Fiduciary Standard:

Partner with wealth management firms that are held to the fiduciary standard in serving their clients.

 

 

Alignment of Interests:

Align principals’ interests with our interests through our differentiated partnership and economic model.

 

 

Value‑Add Services:

Empower our partner firms through collaboration on strategy, growth and acquisition opportunities, marketing, technology and operational expertise, best practices, cash and credit solutions. Provide access to world‑class intellectual resources and capital to fund expansion and acquisitions.

 

We were founded by entrepreneurs and began revenue‑generating and acquisition activities in 2006. Since that time, we have:

·

created a partnership of over 60 partner firms, the substantial majority of which are RIAs registered with the Securities and Exchange Commission (the “SEC”) pursuant to the Investment Advisers Act of 1940 (the “Advisers Act”);

·

built a business with revenues in excess of $1.2 billion for the year ended December 31, 2019;

·

increased revenues at a compound annual growth rate of 35.1% since 2006;

·

established an attractive revenue model whereby in excess of 95% of our revenues for the year ended December 31, 2019 were fee‑based and recurring in nature;

·

built a partnership currently comprised of approximately 4,000 wealth management‑focused principals and employees; and

·

established a national footprint across the United States and expanded our presence internationally with partner firms in the United Kingdom, Canada and Australia.

We are in the midst of a fundamental shift in the growing wealth management services industry. The delivery of wealth management services is moving from traditional brokerage, commission‑based platforms to a fiduciary, open‑architecture and fee‑based structure. This shift has resulted in a significant transfer of client assets and wealth management professionals out of traditional brokerage, commission‑based platforms to independent wealth management practices. We believe that our leading partnership of independent, fiduciary wealth management firms positions us to benefit from these trends.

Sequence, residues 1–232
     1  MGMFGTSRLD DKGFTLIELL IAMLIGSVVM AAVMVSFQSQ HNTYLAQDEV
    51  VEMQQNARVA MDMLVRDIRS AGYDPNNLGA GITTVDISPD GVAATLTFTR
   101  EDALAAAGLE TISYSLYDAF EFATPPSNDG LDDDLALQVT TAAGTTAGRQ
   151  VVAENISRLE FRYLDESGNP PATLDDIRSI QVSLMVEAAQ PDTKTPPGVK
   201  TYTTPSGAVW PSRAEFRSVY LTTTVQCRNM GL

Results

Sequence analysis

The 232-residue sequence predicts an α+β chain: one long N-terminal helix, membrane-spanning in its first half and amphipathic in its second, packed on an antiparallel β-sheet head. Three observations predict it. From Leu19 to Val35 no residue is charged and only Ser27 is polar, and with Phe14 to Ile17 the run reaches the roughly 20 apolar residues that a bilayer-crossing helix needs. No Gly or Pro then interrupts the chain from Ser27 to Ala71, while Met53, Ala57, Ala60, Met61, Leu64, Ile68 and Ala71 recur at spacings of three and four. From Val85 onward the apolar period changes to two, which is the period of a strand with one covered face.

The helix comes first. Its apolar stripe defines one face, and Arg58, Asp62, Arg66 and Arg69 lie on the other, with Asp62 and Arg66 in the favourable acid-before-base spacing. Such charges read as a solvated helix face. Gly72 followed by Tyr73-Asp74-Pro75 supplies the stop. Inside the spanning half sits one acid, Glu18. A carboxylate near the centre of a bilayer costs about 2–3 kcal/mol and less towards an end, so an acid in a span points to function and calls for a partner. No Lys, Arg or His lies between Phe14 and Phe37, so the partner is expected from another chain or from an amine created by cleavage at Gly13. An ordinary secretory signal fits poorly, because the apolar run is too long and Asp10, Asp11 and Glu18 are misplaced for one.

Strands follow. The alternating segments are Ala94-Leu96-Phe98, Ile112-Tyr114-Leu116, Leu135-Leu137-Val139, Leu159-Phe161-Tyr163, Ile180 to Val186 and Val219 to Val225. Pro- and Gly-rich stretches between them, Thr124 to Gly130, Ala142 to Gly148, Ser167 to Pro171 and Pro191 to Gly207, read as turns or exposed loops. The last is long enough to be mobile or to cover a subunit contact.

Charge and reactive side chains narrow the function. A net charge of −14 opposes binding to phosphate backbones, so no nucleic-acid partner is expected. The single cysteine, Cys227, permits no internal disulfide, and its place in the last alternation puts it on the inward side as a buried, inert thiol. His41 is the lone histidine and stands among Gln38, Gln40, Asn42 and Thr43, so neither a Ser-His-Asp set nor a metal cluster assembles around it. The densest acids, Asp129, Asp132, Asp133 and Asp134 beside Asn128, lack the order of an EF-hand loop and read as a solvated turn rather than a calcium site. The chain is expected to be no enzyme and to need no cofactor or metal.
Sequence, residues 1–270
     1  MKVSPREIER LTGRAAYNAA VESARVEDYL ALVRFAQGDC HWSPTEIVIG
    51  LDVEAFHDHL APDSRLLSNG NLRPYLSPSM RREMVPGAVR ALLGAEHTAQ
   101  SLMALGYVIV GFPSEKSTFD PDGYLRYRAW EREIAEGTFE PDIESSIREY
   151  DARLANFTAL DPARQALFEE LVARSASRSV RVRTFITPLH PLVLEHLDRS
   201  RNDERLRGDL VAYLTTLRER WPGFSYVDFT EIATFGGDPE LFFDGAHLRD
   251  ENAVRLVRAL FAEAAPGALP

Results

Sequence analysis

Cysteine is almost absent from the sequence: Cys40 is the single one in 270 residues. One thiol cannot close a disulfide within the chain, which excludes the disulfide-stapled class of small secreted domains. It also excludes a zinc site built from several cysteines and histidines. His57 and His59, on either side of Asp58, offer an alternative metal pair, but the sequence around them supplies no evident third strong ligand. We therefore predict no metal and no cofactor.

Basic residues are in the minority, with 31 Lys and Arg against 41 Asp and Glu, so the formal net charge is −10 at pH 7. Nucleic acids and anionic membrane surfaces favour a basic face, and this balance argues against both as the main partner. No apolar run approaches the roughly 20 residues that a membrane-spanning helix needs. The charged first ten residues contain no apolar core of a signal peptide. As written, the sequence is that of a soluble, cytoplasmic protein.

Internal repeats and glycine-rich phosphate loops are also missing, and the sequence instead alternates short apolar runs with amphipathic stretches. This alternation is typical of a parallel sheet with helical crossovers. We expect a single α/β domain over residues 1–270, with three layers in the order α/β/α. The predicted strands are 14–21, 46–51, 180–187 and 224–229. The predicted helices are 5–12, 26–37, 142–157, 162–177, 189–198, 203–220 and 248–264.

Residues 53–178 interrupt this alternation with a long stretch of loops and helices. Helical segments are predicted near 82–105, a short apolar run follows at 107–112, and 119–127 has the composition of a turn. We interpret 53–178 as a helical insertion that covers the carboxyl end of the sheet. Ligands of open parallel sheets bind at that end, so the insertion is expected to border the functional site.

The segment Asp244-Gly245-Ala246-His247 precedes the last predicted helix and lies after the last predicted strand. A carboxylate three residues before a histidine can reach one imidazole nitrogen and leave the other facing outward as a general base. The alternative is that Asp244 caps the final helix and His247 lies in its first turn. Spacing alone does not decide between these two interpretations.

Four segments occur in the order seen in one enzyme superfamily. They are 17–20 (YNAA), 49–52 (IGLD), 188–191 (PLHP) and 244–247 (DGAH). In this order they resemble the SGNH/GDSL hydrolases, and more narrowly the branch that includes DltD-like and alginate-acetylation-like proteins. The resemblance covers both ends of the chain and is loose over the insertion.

The independent wealth management industry, including RIAs, is highly fragmented, which we believe enables us to continue our growth strategy of acquiring high‑quality independent wealth management firms, directly and through acquisitions by our partner firms. We have a track record of enhancing the competitive position of our partner firms by providing them with access to the intellectual expertise, resources and network benefits of our large organization. Our scale enables us to help our partner firms achieve operational efficiencies and ensure organizational continuity. Additionally, our scale, resources and value‑added services increase our partner firms’ ability to achieve growth through a variety of tactical, operational and strategic initiatives, as well as the consummation of their own acquisitions. As our existing partner firms benefit from these growth initiatives, we continue to focus on acquisitions of new partner firms.

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Our partnership is comprised of trusted professionals providing comprehensive wealth management services through a largely recurring, fee‑based model, which differentiates our partner firms from the traditional brokerage platforms whose revenues are largely derived from commissions. We derive a substantial majority of our revenues from wealth management fees for investment advice, financial and tax planning, consulting, tax return preparation, family office services and other services. We also generate other revenues from recordkeeping and administration service fees, commissions and distribution fees and outsourced services.

Our Growth Strategy

We believe we are well‑positioned to take advantage of favorable trends in the wealth management industry, including the migration of wealth management professionals from traditional brokerage, commission‑based platforms to a fiduciary, open‑architecture and fee‑based structure. We plan to grow our business through the growth of our existing partner firms and the expansion of our partnership.

Growth of Our Existing Partner Firms

High‑Quality, Growth‑Oriented Partner Firms

Our goal has been and continues to be to acquire high‑quality, entrepreneurial wealth management firms that have built their businesses through a proven track record of growth. We believe that our partner firms will continue to take advantage of the shift in client assets to the RIA space and grow organically through acquisitions of wealth management practices and customer relationships, by attracting new clients, adding new wealth management professionals, increasing client assets from existing clients and through financial market appreciation over time. The economic arrangements put in place at the time of acquisition through our management agreements incentivize the principals of our partner firms to continue executing on their growth plans.